The Cancer Action Network - the American Cancer Society's lobbying arm - is urging governors across the country, including West Virginia Gov. Jim Justice, to voice concerns with the House-passed American health Care Act. They released a letter directed to all U.S. governors yesterday.
The group is particularly concerned with the legislation’s proposal to dramatically reduce funding to Medicaid – a move that would disproportionately affect poor states that expanded the program like West Virginia.
West Virginia also has the third highest rate of cancer in the nation – surpassed only by Kentucky and Mississippi. Cancer is a pre-existing condition under the bill and the new healthcare law could result in some cancer survivors being dropped from or refused healthcare coverage.
Specifically, the letter claims the funding proposed in the bill is “completely inadequate to meet the coverage needs of this population.”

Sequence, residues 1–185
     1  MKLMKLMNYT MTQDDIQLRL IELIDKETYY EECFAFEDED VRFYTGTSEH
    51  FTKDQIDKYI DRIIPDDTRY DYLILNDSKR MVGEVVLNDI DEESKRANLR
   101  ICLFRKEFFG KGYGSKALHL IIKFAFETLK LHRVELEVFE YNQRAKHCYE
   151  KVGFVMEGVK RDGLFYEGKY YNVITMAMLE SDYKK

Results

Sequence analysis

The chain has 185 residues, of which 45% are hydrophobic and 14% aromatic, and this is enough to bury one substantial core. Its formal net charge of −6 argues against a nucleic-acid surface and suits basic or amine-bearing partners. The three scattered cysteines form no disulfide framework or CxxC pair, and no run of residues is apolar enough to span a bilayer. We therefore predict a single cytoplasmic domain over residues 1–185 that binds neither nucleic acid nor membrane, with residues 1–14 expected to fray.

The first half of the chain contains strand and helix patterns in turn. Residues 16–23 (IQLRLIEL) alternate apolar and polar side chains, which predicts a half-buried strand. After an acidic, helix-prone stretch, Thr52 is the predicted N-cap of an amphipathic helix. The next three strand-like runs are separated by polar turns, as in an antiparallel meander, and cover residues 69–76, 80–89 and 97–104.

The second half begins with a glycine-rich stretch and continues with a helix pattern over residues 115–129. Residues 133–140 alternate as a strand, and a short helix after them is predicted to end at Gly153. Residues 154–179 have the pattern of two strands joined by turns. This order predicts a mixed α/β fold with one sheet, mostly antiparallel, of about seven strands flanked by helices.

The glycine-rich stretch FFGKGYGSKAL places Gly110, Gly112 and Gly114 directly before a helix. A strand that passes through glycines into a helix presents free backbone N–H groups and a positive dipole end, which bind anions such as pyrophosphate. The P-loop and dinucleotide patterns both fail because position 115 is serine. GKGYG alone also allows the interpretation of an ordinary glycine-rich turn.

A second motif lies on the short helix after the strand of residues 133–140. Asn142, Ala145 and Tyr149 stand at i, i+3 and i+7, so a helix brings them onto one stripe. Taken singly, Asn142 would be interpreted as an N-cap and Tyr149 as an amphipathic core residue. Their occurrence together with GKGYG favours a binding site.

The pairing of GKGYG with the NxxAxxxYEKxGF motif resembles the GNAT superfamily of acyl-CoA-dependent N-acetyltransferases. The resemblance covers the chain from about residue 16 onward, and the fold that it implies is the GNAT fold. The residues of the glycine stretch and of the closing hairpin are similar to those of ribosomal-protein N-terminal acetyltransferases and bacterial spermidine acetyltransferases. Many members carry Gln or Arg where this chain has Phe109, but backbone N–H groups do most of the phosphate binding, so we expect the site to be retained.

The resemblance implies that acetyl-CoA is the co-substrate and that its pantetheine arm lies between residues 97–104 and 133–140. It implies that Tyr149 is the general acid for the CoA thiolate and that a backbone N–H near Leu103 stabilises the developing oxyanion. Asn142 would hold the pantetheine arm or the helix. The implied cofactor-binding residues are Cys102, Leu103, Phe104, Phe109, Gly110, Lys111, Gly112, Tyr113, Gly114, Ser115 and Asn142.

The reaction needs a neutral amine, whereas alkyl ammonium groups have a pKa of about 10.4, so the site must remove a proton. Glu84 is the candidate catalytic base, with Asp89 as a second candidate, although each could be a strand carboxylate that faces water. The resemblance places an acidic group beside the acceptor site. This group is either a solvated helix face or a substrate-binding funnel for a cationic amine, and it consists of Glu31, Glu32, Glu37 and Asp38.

The letter finally lists several recommendations for the governors to consider when talking with Congress about health policy reform, including urging them to protect Medicaid, to oppose waiving essential health benefits and to oppose the legislation’s continuous coverage requirements.
In a written statement from his office, Governor Justice said he remains concerned about protecting the state's elderly and disabled populations and he will review the proposal if the bill becomes law.
During a May press conference West Virginia Department of Health and Human Resources Secretary Bill Crouch did say he supported the legislation’s promise to increase Medicaid flexibility for states.
The AHCA has been approved by the U.S. House of Representatives and is being considered by the U.S. Senate.
Appalachia Health News is a project of West Virginia Public Broadcasting, with support from the Benedum Foundation, Charleston Area Medical Center and WVU Medicine.